Waste management… The first question in my Quora feed today sounded quite sad.
I’m 25 and have wasted the last 10 years of my life. I feel I lag behind my contemporaries. How can I catch up with them?
Then I read the opening lines of the top-scoring answer and my day suddenly got the uplift it needed.
Since you’ve “wasted 10 years of your life” already, why bother to try now?
The reply went on about the misery of life after the age of 25. The dull weddings, the tedious children’s parties, the hangovers that last for 3 days.
It amounted to a catalogue of misanthropy that puts manic depression on a sliding scale of euphoria.
Unfortunately the comic rant was soon interrupted by some ridiculous self-help nonsense about thinking outside the box.
It finished with the kind of stupid “learn to be yourself” advice that makes you want to slit your wrists.
Carol’s clicker calamity… News arrived that BBC TV weather watcher Carol Kirkwood had a bad day at the office yesterday.
When trying to enlighten viewers about the imminence and severity of Storm Ciara, her clicker went on the blink.
That robbed all viewers of the swirly colourful graphics she normally has on a screen behind her.
Poor Carol got into a right state about it and declared with deep regret, “so I’m going to have to talk you through instead.”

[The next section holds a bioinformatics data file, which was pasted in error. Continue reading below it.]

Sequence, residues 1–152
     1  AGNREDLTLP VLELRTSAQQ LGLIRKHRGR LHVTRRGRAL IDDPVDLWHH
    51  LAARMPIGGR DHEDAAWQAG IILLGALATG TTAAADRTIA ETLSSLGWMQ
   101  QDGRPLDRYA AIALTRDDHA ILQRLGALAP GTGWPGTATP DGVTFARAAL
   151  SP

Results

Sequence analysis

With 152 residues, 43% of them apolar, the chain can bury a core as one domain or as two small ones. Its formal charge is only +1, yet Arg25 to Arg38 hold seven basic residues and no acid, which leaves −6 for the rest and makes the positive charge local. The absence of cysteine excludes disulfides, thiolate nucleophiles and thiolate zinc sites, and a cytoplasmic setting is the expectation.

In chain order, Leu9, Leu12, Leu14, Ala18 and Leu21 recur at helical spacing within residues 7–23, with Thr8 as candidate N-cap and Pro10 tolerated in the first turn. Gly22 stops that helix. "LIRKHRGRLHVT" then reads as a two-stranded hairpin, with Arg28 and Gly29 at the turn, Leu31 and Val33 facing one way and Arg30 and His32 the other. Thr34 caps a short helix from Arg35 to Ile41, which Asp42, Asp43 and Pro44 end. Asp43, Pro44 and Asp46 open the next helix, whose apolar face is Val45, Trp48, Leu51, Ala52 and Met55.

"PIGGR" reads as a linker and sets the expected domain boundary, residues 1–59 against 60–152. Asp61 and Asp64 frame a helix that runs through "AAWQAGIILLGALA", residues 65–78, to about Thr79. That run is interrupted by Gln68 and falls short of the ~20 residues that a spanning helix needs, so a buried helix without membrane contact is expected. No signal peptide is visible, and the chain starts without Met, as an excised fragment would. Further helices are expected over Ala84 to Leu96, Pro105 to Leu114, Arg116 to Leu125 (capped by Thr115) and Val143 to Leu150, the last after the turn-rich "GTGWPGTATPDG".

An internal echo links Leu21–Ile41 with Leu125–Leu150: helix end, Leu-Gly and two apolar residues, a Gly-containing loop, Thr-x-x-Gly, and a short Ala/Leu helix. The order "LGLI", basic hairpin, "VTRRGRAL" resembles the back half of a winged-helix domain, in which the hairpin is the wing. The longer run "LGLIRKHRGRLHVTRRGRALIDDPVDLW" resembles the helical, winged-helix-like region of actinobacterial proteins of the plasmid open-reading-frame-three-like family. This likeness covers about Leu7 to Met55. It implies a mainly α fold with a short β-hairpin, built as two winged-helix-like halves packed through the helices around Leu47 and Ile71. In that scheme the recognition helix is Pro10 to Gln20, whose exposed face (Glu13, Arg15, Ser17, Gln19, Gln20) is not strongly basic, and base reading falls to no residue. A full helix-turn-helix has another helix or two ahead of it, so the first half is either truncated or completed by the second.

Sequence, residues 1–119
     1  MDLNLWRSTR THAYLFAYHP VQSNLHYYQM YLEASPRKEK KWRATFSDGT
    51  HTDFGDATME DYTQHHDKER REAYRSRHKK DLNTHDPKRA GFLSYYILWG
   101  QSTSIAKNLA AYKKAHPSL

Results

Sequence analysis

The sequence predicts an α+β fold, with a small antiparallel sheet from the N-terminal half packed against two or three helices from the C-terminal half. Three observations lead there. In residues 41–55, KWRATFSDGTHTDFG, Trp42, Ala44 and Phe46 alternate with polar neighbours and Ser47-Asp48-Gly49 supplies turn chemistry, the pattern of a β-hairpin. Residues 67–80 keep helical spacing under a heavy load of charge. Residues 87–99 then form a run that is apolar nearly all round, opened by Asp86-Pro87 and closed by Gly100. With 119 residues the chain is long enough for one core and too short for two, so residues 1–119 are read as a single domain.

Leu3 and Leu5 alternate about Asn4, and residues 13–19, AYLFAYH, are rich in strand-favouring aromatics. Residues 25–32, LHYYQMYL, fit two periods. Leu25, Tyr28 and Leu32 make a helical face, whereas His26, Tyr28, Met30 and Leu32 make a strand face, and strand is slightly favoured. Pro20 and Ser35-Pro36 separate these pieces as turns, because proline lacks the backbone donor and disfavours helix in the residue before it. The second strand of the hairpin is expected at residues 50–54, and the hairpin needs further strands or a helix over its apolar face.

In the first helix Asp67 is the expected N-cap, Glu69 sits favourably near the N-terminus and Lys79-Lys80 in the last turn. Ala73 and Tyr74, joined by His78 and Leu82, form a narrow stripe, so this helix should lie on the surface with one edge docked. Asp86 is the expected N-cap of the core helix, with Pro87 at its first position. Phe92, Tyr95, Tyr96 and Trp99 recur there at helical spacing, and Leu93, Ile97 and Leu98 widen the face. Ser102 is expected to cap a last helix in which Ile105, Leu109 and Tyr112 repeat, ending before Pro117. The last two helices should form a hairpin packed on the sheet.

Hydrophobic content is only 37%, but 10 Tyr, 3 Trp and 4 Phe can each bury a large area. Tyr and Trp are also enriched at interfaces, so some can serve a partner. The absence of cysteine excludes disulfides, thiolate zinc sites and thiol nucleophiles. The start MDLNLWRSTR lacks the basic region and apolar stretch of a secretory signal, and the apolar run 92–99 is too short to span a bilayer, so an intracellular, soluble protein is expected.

Sofa presenters Naga and Charlie rushed to her aid with weak jokes about the uselessness of TV graphics, but Naga then came in with a stroke of wit.
She said to hapless Carol, and seemingly in defence of weather graphics, “Personally, I missed your tightly-packed isobars”.
Luckily, Curvy Carol, 57, saw the funny side.
Bad weather scuppers good intentions…We had intended to spend late afternoon/early evening at Tate Modern.
But it was too cold and windy to walk across the Thames over a super-busy Millennium Bridge, where just moving one slow step at a time is a challenge.
Tate Modern is always a great place to hang out on a Friday evening, though.
Because my wife is a Member, we enjoy the high-profile paying exhibitions at no cost.
But in doing so, over the years we have accidentally ignored the free exhibition rooms, which are superb.
So I have secretly made 2020 the year in which we make better use of the free stuff Tate Modern.
For today’s aborted visit I also had a mission.
Last year I was asked by Tate Exchange to talk to small visiting groups about a piece of Tate Modern art I especially admired.
I had chosen this photograph by the American photographer William Eggleston.
Problem was that when I arrived to do my bit of arty chatter, the photograph wasn’t there; gone missing, vanished, stolen?
In fact, it had been removed from display and replaced with another Eggleston, presumably to illustrate the breadth of his talent.
This meant that I was forced to improvise my micro-presentation and conjur up some art bollocks on the spot.
I think I did quite well, under the circumstances.
I seemlessly brought together my prepared speech about line, colour, oddness and Eggleston’s use of text, with some of his other photographs. The ones that hadn’t gone missing.
My flesh was crawling with embarrassment as I did it, but the people from Tate Exchange seemed to think it was all a great success, so I sucked up the praise with a smug look on my face.
I had intended to check on our Tate Modern visit today whether my chosen photograph is back in the Eggleston collection on display.
That task must now wait for another day and another walk over the Millennium Bridge, dodging beggars and vendors selling hot sugared nuts.